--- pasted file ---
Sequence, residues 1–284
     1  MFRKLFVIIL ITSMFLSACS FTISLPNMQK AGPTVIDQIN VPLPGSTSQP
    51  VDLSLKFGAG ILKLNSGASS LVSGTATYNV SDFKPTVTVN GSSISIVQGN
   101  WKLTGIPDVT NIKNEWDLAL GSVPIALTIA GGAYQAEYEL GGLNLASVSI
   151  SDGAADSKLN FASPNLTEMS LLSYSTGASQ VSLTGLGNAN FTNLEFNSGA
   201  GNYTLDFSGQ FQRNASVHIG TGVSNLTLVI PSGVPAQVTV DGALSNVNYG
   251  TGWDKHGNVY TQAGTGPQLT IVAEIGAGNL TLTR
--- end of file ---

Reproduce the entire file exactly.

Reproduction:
Sequence, residues 1–284
     1  MFRKLFVIIL ITSMFLSACS FTISLPNMQK AGPTVIDQIN VPLPGSTSQP
    51  VDLSLKFGAG ILKLNSGASS LVSGTATYNV SDFKPTVTVN GSSISIVQGN
   101  WKLTGIPDVT NIKNEWDLAL GSVPIALTIA GGAYQAEYEL GGLNLASVSI
   151  SDGAADSKLN FASPNLTEMS LLSYSTGASQ VSLTGLGNAN FTNLEFNSGA
   201  GNYTLDFSGQ FQRNASVHIG TGVSNLTLVI PSGVPAQVTV DGALSNVNYG
   251  TGWDKHGNVY TQAGTGPQLT IVAEIGAGNL TLTR